America's Communial Utopias. Edited by Donald E. Pitzer. Chapel Hill, N.C.: The University of North Carolina Press, 1997. xxi + 537 pp. $24.95 paper.
This edited collection describing America's communitarian societies and movements is impressive in its scope. In addition to the "classic" communal groups (Shakers, Harmony, New Harmony, Brook Farm, Amana, Oneida, and the Hutterites), others less familiar are also given their place, including the Mormon United Order, the Icarian communities, the Bishop Hill colony, the Koreshan Unity, and Father Divine. Righting a sad neglect, there are essays on the Roman Catholic monastic presence in the United States, Jewish agricultural colonies, Californian socialist utopias, and the Theosophical communities. Each selection contains a chronology of the group's history. A forty-two page appendix listing the communal utopias founded by 1965 is followed by an impressive bibliographic essay. Those wishing an introduction to American communal groups will find this volume to be an excellent guide.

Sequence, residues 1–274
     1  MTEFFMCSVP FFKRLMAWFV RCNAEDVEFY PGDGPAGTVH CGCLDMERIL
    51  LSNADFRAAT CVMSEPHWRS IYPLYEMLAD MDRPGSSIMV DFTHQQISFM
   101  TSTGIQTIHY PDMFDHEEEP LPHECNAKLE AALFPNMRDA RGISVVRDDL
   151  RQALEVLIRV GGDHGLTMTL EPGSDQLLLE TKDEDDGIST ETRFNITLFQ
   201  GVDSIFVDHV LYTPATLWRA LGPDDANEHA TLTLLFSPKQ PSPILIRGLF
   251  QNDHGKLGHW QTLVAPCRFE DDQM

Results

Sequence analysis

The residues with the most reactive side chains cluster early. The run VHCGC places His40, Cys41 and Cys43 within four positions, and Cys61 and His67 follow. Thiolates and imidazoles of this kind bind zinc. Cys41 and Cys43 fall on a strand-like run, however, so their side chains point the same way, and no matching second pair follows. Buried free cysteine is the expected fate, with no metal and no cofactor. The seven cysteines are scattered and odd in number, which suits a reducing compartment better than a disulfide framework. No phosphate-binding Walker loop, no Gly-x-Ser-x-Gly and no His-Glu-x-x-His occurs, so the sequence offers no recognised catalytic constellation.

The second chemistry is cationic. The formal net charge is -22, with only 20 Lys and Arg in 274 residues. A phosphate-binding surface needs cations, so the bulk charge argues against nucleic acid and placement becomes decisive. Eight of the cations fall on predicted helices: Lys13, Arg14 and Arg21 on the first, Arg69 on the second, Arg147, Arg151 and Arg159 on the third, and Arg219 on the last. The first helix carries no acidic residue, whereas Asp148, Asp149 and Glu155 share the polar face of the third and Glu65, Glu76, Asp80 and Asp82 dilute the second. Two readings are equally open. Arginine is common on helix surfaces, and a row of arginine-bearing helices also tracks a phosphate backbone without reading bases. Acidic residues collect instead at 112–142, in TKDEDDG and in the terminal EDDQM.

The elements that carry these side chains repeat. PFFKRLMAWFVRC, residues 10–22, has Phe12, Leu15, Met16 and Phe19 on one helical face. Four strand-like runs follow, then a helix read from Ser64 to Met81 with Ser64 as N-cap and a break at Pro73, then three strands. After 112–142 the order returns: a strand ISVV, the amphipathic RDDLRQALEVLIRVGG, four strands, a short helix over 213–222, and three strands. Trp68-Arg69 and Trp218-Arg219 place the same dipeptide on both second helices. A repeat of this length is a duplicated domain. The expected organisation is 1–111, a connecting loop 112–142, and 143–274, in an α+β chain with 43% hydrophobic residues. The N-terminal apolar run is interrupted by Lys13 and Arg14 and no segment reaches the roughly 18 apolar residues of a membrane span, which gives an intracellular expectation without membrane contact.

The editor presents in his Introduction the framework of "developmental communalism" to study how certain groups organized, developed communal ideologies, and then discarded communalism to avoid stagnation or an untimely collapse and dispersal. This approach is called a "new thrust of scholarly interest that has emerged during the past three decades." Unfortunately, only a few essays mention the developmental model. The attempts to use this model are so minimal that it is barely mentioned although it shows promise.
Instead, the analysis is consistently chronological; the reader is given the history of each group, psychological (often superficial) profiles and biographies of the founders and leaders as well as numbing description of events, some picturesque, but seldom analytical.